The power shift behind Amit Shah-Uddhav Thackeray handshake
Uddhav Thackeray must be elated now that BJP president Amit Shah will be dropping by to meet him on Thursday night. The Shiv Sena, be sure, will lay out the red carpet for Shah.
Party leaders will happily pose for photographs. In the excitement of hosting a national leader, the Thackerays and their party will prefer to forget that this was the man they taunted less than 24 hours earlier for his decision to not meet Uddhav during his Mumbai visit.
Posters in strategic parts of Mumbai and social media memes taunted Shah on Wednesday. “Shahana Ho,” (be wise) they warned, attempting a pun on the BJP president’s name.
Stray workers planned “action”, Sena style. Back channel efforts finally ensured that Shah fitted in a meeting with the Sena president into his schedule.
Sena workers took umbrage that Shah had not scheduled an appointment with Uddhav or a visit to Matoshree, the Thackerays’ Bandra bungalow, because such visits had become de rigueur between the allies.
BJP stalwarts such as AB Vajpayee and LK Advani used to call on the late Bal Thackeray here. The courtesy soon turned into a norm but it was more than that; it was also the signal of the Sena's power and authority in the alliance forged in 1988-89.
In turning the non-meeting or meeting into an issue, the Shiv Sena may have missed the woods for the trees but who is to tell Uddhav that? The fracas over the meeting was typical Sena-style bluster, focusing on the ceremonial stuff instead of core issues.
The party should be more worried about the BJP’s consistent demand to equally divide the 288 seats in Maharashtra assembly. For the BJP, the demand is logical, going by the percentage of seats won in the last few elections.
This means junking the formula of 171 and 117 seats to the Sena and BJP respectively, which was a key indicator of the Sena’s dominance in the alliance.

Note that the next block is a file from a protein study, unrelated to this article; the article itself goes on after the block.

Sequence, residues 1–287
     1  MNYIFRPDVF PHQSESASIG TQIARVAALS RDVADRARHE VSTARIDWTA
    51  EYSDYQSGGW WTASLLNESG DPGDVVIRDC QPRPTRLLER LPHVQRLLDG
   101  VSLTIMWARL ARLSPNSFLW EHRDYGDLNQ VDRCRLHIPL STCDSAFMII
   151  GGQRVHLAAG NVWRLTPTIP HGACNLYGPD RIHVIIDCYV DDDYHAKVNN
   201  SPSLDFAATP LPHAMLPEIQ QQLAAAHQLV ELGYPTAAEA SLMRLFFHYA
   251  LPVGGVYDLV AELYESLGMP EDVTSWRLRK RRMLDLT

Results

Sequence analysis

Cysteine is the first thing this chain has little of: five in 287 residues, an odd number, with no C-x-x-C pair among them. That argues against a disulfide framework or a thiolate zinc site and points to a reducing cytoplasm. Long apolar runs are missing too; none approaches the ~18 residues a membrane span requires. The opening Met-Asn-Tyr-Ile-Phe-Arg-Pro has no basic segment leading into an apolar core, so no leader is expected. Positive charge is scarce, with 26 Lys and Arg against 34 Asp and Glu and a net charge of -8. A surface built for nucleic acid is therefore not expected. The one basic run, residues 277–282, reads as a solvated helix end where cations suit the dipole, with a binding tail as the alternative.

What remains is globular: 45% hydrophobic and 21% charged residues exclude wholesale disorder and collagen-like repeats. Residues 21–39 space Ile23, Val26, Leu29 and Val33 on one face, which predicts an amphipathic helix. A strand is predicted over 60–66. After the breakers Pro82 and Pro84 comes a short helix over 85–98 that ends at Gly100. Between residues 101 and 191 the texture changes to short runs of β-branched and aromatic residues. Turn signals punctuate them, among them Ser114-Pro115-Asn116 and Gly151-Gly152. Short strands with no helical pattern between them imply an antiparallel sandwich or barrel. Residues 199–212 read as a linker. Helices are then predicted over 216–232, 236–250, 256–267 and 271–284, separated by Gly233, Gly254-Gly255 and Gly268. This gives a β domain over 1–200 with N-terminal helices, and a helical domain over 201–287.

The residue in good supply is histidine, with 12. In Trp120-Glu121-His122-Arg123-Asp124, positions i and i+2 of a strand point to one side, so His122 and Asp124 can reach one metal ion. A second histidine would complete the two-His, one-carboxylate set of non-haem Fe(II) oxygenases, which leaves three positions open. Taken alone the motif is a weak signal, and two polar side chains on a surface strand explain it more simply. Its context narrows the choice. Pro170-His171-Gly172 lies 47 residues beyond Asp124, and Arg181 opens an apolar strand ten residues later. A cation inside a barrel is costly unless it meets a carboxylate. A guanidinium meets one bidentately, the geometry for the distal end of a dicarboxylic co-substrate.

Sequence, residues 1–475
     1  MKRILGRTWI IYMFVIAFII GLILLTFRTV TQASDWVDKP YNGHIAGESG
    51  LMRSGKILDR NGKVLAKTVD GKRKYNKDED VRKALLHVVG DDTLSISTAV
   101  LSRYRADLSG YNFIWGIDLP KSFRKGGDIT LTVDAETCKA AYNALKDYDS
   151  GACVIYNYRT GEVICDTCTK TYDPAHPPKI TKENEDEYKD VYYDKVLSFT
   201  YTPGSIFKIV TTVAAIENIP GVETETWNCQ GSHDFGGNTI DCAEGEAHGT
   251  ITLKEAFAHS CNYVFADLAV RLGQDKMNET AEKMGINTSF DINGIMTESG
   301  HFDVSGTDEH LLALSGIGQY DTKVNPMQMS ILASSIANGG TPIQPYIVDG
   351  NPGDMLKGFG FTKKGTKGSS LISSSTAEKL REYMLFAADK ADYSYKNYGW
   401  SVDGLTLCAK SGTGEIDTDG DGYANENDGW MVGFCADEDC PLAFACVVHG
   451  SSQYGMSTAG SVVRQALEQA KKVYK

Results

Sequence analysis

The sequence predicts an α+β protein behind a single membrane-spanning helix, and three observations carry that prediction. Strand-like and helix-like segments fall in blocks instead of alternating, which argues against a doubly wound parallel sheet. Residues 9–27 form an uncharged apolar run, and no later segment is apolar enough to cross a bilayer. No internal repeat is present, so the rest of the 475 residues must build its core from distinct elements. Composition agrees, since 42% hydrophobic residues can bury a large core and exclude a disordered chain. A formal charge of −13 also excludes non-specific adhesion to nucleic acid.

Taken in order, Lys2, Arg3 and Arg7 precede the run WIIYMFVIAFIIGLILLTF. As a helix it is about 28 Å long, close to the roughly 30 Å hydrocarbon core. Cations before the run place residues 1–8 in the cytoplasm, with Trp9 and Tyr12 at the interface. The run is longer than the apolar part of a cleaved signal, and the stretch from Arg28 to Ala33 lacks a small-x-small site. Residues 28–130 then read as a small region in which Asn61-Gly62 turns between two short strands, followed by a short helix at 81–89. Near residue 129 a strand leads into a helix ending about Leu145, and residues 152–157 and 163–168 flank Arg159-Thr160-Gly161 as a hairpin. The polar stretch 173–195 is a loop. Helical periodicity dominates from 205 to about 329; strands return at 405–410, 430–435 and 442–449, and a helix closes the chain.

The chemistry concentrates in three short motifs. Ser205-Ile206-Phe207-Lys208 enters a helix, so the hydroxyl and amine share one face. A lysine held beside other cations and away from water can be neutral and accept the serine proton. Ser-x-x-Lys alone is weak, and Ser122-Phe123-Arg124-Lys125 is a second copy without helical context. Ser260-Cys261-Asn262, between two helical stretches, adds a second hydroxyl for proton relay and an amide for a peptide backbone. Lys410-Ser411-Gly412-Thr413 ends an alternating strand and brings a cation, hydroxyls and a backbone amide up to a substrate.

But the power has shifted, most decisively so in the general election this year when the BJP, riding on the Narendra Modi wave, won more seats than its ally and also had a better strike rate (number of seats won to number contested).
The BJP has also had a superior strike rate to the Sena in the last five assembly elections, nearly 47% to the Sena’s 36%, as data analysis shows.
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It is clear, given the logic and its new-found belligerence, that the BJP will not settle for anything less than the leadership role in the alliance, and therefore a shot at having its chief minister in Maharashtra in the next two months.
Contesting 144 seats is part of its grand plan.
The Sena’s response, so far, has been to talk tough, flex muscle or invoke the late Thackeray’s relationship with BJP’s former leaders.
Neither Shah nor state BJP leaders are impressed or nervous. The BJP needs the Sena, no doubt, but is positioning itself to lead the alliance. The courtesy call this time is from a position of strength and leadership.
The Sena, especially the coterie that feeds political strategy to Uddhav, would do well to remember that the ground has shifted; the altered reality is that the BJP is in command and is better equipped to call the shots in this assembly election.
It has a strategy in place and has assiduously – even cynically – put its plans into action, irrespective of the social cost incurred.
The Sena’s manufactured crisis over Shah’s itinerary hardly served any purpose. Shah is in Mumbai to do what party chiefs are wont to: meet core committee members and state leaders, address party workers, visit a few public spots for the mandatory photo-ops and posture about the party’s winnability.
His meeting Uddhav is unlikely to change the BJP’s all-out battle for Maharashtra.
Uddhav should have compelling arguments to deny Shah the equal division of 288 seats. Else, the meeting does not really matter. Shah’s visit will be a courtesy call that will assuage the egos of the Thackerays and their loyal followers; it’s unlikely to lower the battle cry of the BJP to lead the next government in Maharashtra.